Tuesday, April 29, 2014

2014 Junior Nationals Speech

I was asked to do a little speech last minute at the 2014 Junior Nationals to add a bit more depth to the opening ceremonies, so I wrote up a 5 minute presentation and based it on my own junior career. I've included the contents of the speech as I drafted it earlier, and I was more-or-less able to include all the material into the speech (minus the cool pictures). For those who missed it or those who were not able to attend (e.g. the entire province of Quebec), here it is:

Thank you all for taking the time to come here and support another Junior Nationals. For those of you who don’t know me, I’m Toby, current National Team member and I’m partnered with Alex Bruce, and also with Philippe Charron. I train out of this wonderful facility, and I had the great fortune of competing at the 2012 London Olympics. I’d like to wish all of you the best of luck in competing to become this year’s national champion, much like the other players as listed on the website (www.badmintonnationals.com), including current National team members, like... Alex Bruce, Michelle Li, Joycelyn Ko from Ontario (*cheer after each Province*), Philippe Charron from Quebec, Grace Gao from Alberta, and Phyllis Chan, Christin Tsai, and Derrick Ng, who they've left out, from BC. Honorable mention: Dave Snider of Manitoba, but we’ll say Prairies, so that includes Saskatchewan! Many of our top players have performed well as juniors, and it is helping them extend their badminton careers. 

But, every year, there are only 4-8 winners per age group. Sometimes we come up a bit short, despite all of our training goals and all the sacrifices we put into the year for this one tournament. I knew that feeling well. I didn't make that list for a reason, because I never won a junior national title. I think I was seeded first in doubles for my last year of U19, and 2 years of U23, when they started U23s in 2006, and 2007. I had a freak loss in U19 in the semifinal and I vowed to quit badminton and become a bboy instead (well, look how that turned out), and in the 2 years of U23, I played 4 events and won 4 silver medals.

#throwback U19 Nationals in Saskatoon 2004
(L to R:) Kyle Holoboff, Richard Liang, Alvin Lau, & myself

#throwback U23 Nationals in Montreal #bboystance
(L to R:) Ronnie Runtulalao (coach), myself, & Adrian Liu

#throwback U23 Nationals in Montreal #bboystance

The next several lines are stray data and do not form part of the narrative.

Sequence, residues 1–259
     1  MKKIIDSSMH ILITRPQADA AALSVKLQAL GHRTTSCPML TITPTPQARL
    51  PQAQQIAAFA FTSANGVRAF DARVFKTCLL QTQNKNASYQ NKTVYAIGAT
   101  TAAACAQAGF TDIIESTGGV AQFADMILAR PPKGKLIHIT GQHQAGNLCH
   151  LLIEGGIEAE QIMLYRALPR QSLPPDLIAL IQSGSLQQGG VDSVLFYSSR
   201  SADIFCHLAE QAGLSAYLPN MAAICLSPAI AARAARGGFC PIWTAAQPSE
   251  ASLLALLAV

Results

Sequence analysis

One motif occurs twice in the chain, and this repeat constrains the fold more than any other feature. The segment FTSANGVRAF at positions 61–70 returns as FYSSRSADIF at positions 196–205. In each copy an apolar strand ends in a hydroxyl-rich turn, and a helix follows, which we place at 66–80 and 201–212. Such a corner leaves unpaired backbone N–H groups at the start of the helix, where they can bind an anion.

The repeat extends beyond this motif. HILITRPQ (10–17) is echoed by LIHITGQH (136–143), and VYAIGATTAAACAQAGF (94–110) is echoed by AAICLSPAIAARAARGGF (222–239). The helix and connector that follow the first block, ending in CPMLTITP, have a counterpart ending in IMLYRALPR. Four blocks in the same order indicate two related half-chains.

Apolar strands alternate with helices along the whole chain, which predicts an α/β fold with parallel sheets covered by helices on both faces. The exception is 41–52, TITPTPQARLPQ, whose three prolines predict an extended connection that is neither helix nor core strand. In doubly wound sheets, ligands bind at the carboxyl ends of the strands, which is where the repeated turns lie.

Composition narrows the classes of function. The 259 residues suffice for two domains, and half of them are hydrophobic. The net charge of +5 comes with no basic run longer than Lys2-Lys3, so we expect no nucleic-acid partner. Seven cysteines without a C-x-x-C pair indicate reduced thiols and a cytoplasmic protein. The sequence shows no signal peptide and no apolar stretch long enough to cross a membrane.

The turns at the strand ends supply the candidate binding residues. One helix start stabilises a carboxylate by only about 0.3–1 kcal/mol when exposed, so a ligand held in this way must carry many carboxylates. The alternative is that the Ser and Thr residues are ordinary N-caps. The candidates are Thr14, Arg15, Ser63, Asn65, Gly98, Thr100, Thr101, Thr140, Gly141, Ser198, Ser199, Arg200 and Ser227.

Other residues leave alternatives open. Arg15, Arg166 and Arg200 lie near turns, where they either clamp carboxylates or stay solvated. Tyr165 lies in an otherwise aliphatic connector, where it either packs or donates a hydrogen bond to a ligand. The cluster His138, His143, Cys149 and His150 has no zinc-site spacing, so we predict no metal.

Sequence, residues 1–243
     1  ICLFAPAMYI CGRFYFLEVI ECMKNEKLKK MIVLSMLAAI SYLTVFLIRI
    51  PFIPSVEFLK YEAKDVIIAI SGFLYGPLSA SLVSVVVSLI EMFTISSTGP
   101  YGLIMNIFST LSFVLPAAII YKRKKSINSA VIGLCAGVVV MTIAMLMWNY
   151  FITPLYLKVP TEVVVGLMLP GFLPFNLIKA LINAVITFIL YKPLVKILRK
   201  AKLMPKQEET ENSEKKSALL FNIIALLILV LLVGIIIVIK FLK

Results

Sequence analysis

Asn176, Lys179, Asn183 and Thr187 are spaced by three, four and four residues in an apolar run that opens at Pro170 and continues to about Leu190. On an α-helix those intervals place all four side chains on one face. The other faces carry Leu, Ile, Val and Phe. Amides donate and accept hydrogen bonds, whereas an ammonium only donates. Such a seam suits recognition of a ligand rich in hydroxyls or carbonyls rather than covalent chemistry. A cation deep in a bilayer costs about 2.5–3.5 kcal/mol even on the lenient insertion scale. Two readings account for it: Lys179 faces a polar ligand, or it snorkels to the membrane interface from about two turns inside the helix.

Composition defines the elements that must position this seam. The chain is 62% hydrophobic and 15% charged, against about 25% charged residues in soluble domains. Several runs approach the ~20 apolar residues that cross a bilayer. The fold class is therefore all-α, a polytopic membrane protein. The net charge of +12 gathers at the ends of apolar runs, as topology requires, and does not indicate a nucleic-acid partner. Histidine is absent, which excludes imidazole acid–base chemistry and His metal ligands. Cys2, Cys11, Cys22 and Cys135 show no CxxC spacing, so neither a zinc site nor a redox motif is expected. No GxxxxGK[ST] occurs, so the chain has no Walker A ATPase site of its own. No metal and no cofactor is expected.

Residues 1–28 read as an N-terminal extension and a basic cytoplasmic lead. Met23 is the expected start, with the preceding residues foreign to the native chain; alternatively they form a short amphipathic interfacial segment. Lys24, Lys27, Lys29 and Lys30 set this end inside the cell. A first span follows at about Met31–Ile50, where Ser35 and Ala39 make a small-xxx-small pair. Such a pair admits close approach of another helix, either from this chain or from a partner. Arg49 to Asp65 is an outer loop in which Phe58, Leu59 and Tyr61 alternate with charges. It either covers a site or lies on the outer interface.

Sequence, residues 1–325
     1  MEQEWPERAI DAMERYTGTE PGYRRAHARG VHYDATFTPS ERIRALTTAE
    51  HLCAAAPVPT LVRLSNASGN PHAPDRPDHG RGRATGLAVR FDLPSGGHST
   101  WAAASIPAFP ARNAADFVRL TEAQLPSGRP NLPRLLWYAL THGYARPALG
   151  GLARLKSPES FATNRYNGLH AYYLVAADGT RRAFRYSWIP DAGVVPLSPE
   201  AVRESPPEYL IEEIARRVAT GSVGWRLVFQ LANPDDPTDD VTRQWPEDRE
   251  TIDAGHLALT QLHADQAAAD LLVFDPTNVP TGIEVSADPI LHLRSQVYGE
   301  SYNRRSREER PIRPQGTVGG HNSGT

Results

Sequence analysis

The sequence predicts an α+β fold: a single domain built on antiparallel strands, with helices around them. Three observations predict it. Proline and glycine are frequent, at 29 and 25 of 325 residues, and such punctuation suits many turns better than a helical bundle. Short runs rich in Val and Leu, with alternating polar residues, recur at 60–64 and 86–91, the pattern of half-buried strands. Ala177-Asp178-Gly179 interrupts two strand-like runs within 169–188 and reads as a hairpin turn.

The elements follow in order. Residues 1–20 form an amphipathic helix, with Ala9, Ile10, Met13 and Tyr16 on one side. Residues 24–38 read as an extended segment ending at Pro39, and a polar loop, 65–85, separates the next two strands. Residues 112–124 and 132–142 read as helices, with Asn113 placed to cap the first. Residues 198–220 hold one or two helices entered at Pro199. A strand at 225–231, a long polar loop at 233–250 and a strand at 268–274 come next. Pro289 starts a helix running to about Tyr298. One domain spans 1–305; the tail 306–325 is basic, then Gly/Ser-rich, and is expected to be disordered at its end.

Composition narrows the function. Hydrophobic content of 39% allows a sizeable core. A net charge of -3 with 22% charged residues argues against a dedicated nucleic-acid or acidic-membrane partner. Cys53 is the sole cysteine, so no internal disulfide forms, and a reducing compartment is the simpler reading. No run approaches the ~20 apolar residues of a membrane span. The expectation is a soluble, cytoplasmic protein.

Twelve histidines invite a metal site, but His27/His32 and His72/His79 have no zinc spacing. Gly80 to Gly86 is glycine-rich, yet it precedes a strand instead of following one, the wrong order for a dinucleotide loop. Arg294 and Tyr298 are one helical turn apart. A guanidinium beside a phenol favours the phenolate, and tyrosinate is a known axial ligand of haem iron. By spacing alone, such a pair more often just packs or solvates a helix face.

(L to R:) Ronnie Runtulalao (coach), Adrian Liu,
myself, Luke Kuroko, & Kevin So

It was tough, but I was given that opportunity to look a little bit further. Instead of continuing to chase that National title, I took the opportunity to compete internationally (for the record, I never played World Juniors either, but I volunteered for one, which totally doesn’t count). I ended up skipping my last year of U23 Nationals, my final chance to win a title, but for Thomas Cup team finals. I suppose if your focus is so narrow, you’ll miss the big picture. As Bruce Lee quotes, “It’s like a finger pointing a way to the moon. Don’t concentrate on the finger or you will miss all that heavenly glory.

So I finally won my National title in 2009. It was a Senior National title, and the feeling was bittersweet. I mean, sure I finally met my goal, but I had actually won the 2008 Pan Am Championships a few months before, so I was technically continental champion before I was National champion… all that 20 months since my last U23 Nationals. Sweeeeet…

For those who have won before, it’s also a lesson in consistency. When you are the front runner, everyone is chasing you. So you have 2 options, fend off your spot from challengers, or find someone else to chase. Aiming higher may make things easier, but sometimes aiming too high may be harmful as well if it becomes too unrealistic. I would say that I've lost at the 2010 Nationals because I was aiming too high, and I lost this year because I wasn't aiming high enough. Tragic, but it’s a wake-up call. I hope you can learn from my mistake instead of making your own. Regardless, I’ve picked myself up and I’m training hard for my next series of tournaments in the summer, including the World Championships. I’d be foolish to train really hard just to win Nationals again because I have confident in my abilities. Often times, I find if you play a player/team 10 times, you can win 80% of the time. That means you’ll lose to them 1 in 5 times, for whatever the reason. Sometimes, it will be at that most important tournament of the year, but don’t take it personally. Over time, your average will work itself out. 

Don’t give up, no matter what happens this week… and keep playing. It’s often not realistic to be the best all the time, but if you work hard, you can be best most of the time. Take that as a trade secret.
For some, this may be your first badminton Nationals; but for all of you, I hope this won’t be your last one.

Thank you, and have a great week!

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